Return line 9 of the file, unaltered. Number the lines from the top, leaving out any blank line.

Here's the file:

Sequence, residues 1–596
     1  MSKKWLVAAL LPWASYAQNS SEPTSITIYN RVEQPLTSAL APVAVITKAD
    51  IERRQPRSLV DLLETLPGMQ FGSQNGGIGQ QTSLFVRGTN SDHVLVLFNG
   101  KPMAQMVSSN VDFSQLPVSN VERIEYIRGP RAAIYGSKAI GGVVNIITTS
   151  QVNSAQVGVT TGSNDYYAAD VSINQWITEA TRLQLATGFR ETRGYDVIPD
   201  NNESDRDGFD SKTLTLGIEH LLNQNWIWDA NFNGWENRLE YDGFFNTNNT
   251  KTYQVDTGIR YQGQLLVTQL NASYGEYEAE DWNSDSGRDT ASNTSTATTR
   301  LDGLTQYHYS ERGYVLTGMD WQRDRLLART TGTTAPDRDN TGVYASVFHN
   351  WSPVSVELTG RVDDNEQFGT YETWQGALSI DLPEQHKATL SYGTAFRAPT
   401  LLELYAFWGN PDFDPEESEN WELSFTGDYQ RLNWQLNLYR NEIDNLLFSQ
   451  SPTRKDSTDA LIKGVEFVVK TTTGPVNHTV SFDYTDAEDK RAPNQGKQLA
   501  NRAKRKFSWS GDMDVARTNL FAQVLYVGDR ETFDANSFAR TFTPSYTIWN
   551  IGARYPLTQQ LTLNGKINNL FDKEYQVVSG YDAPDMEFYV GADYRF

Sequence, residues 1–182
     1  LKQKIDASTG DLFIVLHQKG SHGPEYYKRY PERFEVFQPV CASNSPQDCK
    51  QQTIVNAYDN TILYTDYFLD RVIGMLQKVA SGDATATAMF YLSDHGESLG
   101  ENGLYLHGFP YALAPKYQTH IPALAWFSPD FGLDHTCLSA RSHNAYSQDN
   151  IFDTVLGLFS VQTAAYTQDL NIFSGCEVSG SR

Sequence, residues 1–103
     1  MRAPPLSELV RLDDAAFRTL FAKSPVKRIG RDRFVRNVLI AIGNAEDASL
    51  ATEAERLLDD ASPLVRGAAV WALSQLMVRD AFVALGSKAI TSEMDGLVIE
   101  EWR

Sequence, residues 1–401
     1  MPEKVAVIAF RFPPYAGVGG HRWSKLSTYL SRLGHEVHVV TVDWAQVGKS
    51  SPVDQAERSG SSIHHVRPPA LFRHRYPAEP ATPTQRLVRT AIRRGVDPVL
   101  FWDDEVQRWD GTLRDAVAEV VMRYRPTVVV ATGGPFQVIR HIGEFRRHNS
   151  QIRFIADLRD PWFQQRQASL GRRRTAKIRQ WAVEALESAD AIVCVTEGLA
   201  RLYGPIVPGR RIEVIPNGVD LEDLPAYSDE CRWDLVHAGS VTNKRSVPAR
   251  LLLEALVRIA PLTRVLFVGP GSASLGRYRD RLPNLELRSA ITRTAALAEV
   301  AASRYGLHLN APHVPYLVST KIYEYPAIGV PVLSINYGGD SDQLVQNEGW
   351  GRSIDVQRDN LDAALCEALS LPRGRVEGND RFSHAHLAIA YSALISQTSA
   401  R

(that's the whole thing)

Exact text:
   351  WSPVSVELTG RVDDNEQFGT YETWQGALSI DLPEQHKATL SYGTAFRAPT